The Daily Caller

The Daily Caller

TheDC’s Dirty Dozen: 12 SHOCKING police abuse stories of 2013

Police Abuse / Paint Police Abuse / Paint  

America’s police force can claim many victims this year: From senior citizens gunned down in their own homes during botched drug raids to non-violent offenders murdered via police neglect for their most basic needs.

The Daily Caller chronicled the worst police abuse stories of 2013, and has learned a few unfortunate lessons: You can be killed by police for possessing trivial amounts of marijuana — or even no drugs at all. If your autistic son tells you he met a new friend at school, that friend could be a narcotics officer trying to trick him into selling drugs. And whatever you do, stay the hell away from New Mexico cops.

Without further adieu, here is TheDC’s Dirty Dozen: The 12 most terrifying, representative police abuse stories of 2013.

12) Father arrested for picking up his kid from school — Parent be warned: If you do not rigorously adhere to the Orwellian pick-up laws at your kids’ elementary schools, you can and will be hauled off to jail. Tennessee father Jim Howe recorded his exchange with a school administrator and safety officer, in which he was told that trying to bring his kids home a little early was “disorderly conduct.”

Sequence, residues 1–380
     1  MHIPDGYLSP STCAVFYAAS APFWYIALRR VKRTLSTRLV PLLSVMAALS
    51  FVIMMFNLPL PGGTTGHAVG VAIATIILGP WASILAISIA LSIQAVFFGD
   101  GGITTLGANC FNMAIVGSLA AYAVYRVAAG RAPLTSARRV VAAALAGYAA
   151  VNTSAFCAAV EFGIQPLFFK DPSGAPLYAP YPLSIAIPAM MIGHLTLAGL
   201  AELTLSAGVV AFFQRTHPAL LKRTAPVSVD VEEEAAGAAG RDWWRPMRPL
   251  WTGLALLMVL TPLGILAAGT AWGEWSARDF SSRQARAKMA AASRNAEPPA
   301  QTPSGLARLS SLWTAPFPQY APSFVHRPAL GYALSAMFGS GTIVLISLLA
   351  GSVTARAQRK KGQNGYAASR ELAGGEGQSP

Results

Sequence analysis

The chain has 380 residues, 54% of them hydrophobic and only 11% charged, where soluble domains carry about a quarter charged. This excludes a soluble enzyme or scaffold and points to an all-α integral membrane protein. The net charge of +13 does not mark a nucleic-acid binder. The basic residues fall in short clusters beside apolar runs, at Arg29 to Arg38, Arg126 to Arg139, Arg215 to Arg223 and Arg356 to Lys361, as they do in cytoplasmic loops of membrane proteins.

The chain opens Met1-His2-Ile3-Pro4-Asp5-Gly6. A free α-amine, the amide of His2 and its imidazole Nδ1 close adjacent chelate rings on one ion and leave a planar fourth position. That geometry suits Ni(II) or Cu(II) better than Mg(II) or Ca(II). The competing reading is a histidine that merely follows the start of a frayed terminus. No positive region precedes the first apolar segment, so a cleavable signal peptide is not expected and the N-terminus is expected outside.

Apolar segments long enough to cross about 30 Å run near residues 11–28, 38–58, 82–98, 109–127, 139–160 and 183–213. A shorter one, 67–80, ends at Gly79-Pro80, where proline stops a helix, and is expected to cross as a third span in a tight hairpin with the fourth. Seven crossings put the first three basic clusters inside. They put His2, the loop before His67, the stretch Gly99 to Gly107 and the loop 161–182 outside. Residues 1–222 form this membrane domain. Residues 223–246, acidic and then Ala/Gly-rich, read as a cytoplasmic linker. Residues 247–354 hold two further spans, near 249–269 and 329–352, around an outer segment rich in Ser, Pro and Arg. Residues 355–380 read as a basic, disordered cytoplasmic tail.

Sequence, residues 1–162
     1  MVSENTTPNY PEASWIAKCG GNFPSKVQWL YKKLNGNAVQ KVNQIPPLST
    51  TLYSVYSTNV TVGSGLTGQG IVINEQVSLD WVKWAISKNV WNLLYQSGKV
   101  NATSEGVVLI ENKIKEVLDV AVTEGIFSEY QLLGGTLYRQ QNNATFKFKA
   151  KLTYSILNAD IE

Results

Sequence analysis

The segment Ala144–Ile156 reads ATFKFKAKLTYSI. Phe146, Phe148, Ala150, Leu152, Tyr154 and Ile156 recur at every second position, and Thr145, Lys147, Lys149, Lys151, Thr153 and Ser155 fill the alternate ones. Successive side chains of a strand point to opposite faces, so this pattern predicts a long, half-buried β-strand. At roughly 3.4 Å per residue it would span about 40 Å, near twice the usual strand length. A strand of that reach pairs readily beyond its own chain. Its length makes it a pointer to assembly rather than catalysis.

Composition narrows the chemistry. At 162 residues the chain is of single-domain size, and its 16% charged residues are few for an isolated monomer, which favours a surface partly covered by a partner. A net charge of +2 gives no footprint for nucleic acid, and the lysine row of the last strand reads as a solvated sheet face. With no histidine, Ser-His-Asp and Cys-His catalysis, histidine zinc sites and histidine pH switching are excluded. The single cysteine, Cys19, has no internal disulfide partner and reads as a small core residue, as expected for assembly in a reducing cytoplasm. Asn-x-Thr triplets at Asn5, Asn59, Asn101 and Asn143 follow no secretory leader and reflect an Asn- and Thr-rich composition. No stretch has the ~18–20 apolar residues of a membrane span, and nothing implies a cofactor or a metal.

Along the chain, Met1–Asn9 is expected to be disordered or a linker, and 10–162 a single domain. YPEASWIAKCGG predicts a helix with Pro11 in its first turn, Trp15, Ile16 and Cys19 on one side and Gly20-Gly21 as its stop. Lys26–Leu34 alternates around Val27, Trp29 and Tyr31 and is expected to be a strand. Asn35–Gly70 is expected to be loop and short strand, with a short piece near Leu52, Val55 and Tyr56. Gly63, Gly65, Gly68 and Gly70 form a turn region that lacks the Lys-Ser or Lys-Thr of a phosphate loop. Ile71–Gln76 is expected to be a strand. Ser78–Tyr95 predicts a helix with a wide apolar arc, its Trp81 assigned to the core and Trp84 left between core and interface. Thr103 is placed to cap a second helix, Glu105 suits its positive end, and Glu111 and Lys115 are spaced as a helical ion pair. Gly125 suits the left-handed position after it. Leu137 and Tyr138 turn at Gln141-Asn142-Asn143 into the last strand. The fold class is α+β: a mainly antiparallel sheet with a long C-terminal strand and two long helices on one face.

The officer also threatened to arrest Howe’s girlfriend for recording the incident. If the cops let everybody record them, how would they get away with their bad behavior?

11) Shock video: Police slams inmate’s head against wall, producing bloody smear – Mistreatment of suspects and jail inmates is a sad, recurring police motif. But few were as visceral as this one. Drunk driving suspect James Duckworth was handcuffed and cooperative when officer Charles Broaderick slammed his head into the wall. Duckworth was bleeding and barely conscious as the abuse continued: Broaderick even tried to wrap a plastic bag around the suspect’s head.

Kudos to the Marion County police department for charging Broaderick with assault and bringing a measure of accountability to the situation.

Marion County Police / Screenshot

Marion County Police / Screenshot